Sure, July was massive, and the MYI in the Beaufort and Chukchi (the subject of this blog post) took a very early hit on the chin from a sunny heatwave, but I'm still surprised. I expected something like 2013/2014, but slightly lower.

This could still happen, of course, if cyclones keep things moving counter-clockwise and prevent compaction, but 2015 ending up close to 2013 and 2014 is as unlikely as ending up close to 2012.


The arm: http://www.polarview.aq/images/106_S1jpgsmall/S1A_EW_GRDM_1SDH_20150828T171417_EC00_N_1.jpg


Reduced compaction seems the new summer normal Neven. It is a lot to do with a warmer Arctic, where there is a lack of temperature contrasts and apparently steadier persistent cyclonic activity. This is why I would like to see long term model animations. Because I can't fathom a summer dipole like 2007 or 2012 to reoccur often. But as warm and cold temperatures are now clashing, a dipole is more likely. And this is where their might be a surprise steep compaction if the dipole develops strongly.

If I think correctly sea ice will eventually vanish completely during summer more without motion, melting in place, rather than pushed around and compressed.

Jim Hunt

@LRC - Thanks for your awsome alliteration advice, but I have an ulterior motive for including the term "Big Waves" in my title:


When do you suppose a 15-20 second swell will break on the beach at Barrow? Will there be an offshore breeze at the same time?

For more technical background on Barrow surf forecasting see in particular:

Sea Ice and Swells in the Beaufort Sea in the Summer of 2014


Reduced compaction seems the new summer normal Neven. It is a lot to do with a warmer Arctic, where there is a lack of temperature contrasts and apparently steadier persistent cyclonic activity.

If I think correctly sea ice will eventually vanish completely during summer more without motion, melting in place, rather than pushed around and compressed.

Thanks for a stimulating thought, Wayne. I think you may very well be right.

And as for that dipole, the forecast is more and more tending towards its formation a couple of days from now (see this overview).

As for the 'unflashing' and 'deconcentrating', there's an animation on the ASIF showing the changes between August 27th and 28th that perfectly shows the phenomenon, if one focuses on the Pacific side of the Arctic.

As for compaction on the Siberian/Atlantic side, Wipneus put up this animation on the ASIF showing what happened in the last 10 days.

Chris Korda

For weeks now there I have been observing a persistent SSTA with peaks near or above +12°C (!) southeast of Svalbard, via the Earth map (http://earth.nullschool.net/). Have such severe anomalies been observed previously in this location or is it unprecedented? Can anyone comment or provide context?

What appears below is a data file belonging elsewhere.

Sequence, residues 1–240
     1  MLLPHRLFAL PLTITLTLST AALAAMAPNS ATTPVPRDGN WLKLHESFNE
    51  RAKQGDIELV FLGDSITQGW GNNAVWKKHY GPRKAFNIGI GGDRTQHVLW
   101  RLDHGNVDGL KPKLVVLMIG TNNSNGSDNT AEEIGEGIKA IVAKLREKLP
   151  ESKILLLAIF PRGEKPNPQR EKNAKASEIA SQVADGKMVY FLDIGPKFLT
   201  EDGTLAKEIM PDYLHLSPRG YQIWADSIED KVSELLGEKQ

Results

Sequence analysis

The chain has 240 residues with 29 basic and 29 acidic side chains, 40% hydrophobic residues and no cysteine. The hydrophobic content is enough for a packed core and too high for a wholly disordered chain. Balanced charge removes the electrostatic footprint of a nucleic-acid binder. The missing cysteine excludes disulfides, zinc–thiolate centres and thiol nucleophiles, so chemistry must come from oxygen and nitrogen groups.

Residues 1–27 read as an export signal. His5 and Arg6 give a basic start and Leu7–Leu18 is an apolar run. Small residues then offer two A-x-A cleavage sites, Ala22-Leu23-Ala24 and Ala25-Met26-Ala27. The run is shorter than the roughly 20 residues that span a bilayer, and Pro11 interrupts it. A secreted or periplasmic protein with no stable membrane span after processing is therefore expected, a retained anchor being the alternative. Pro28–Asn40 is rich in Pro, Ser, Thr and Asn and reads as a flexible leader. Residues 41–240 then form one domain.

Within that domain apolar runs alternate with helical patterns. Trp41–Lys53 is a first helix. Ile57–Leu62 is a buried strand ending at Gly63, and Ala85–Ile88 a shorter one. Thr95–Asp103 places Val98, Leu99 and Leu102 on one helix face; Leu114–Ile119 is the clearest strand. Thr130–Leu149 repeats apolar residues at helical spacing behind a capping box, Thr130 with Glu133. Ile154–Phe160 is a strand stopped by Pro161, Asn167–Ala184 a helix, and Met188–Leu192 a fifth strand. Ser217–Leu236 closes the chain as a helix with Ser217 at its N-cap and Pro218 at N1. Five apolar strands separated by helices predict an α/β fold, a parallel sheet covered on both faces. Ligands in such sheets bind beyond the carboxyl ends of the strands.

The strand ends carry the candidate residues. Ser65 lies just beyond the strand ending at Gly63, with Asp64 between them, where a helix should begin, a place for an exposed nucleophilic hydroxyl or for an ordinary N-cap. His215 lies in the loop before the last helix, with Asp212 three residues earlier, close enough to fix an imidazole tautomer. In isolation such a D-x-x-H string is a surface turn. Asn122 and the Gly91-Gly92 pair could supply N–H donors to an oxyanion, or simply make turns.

A side note: this anomaly prompted me to contact Cameron Baccario (developer of the Earth map) and suggest that it might be time to consider extending the SSTA gradient. Currently it's impossible to visually distinguish between a (mere!) +6°C anomaly and a +12°C anomaly. It's not obvious what color could come after white (violet? green?), but recalibrating the existing scale seems even more problematic. I vaguely recall that other climate maps have encountered similar problems lately. Is there an accepted methodology for dealing with "gradient creep"?

Jenny E. Ross

Thanks to Colorado Bob for posting the link to Andrew Freeman's article about walruses, and reminding everyone there are immediate, significant consequences that are resulting from the major loss of sea ice that's occurring.

It's a good article that covers many important issues. But, with Neven's indulgence for an additional OT comment, I do want to point out one thing: The phrase "scarce amounts of food on land" is not correct. There is NO food on land for those walruses (except, of course, for calves that are still nursing). Walruses feed on the seafloor, primarily on clams and other invertebrates. Thousands of walruses forced ashore in one small location may exhaust all available food in that area of the ocean. Then they will be obliged to swim increasingly long distances to find food in other areas and return to land for resting (since there is no sea ice they can use to rest in the vicinity of more distant feeding areas). They risk expending more calories than they're able to consume. (And, as the article explains, there is also serious risk of some walruses, especially calves and juveniles, being trampled, crushed and suffocated if the herd is disturbed on land.) The whole situation is particularly problematic for females with calves they must nurse often. Do they remain ashore to nurse their young, or do they swim away in search of food, possibly needing to travel farther than their offspring are able? All of the problems are attributable to a lack of sea ice.

Susan Anderson

I am wondering how these three big typhoons in the central Pacific will impact the north and whether any or all of them will push north. Regardless, It's quite a picture (currently 2 at 140 mph, and 1 at 125 mph).


Susan Anderson